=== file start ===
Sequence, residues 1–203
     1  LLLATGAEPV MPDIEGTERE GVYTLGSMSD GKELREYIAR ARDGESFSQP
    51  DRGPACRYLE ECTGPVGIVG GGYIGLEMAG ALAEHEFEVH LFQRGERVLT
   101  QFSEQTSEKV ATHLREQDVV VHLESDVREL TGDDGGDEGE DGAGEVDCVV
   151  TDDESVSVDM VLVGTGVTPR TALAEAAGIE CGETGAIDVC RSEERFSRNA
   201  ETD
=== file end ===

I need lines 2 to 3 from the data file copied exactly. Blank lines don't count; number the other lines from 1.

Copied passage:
     1  LLLATGAEPV MPDIEGTERE GVYTLGSMSD GKELREYIAR ARDGESFSQP
    51  DRGPACRYLE ECTGPVGIVG GGYIGLEMAG ALAEHEFEVH LFQRGERVLT